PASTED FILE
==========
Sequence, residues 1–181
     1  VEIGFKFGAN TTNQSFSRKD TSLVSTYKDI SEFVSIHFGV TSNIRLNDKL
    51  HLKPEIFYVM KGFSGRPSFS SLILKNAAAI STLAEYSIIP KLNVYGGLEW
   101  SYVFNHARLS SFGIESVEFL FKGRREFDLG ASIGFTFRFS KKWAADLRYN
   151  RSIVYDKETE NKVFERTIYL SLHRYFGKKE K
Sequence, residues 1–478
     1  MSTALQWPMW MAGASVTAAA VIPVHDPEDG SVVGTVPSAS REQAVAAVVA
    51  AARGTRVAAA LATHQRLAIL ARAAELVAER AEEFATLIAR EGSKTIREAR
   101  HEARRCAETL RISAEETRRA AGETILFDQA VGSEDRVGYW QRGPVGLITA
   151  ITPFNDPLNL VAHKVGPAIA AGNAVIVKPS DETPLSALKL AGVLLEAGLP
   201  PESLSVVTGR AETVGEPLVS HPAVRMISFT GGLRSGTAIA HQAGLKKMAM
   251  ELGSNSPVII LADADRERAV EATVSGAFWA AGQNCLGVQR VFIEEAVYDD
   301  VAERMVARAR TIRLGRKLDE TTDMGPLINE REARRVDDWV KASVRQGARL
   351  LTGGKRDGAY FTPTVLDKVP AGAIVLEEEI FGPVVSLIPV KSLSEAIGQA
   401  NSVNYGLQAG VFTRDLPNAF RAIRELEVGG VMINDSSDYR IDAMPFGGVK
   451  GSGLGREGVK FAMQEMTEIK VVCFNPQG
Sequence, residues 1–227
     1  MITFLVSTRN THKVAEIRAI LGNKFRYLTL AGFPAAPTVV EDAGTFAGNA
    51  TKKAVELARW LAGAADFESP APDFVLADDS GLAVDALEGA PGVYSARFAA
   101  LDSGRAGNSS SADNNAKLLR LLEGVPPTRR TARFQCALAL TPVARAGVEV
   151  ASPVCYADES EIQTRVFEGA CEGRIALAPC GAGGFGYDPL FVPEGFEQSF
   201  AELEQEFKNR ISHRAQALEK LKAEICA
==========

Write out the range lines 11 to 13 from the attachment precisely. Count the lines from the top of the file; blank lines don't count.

   201  PESLSVVTGR AETVGEPLVS HPAVRMISFT GGLRSGTAIA HQAGLKKMAM
   251  ELGSNSPVII LADADRERAV EATVSGAFWA AGQNCLGVQR VFIEEAVYDD
   301  VAERMVARAR TIRLGRKLDE TTDMGPLINE REARRVDDWV KASVRQGARL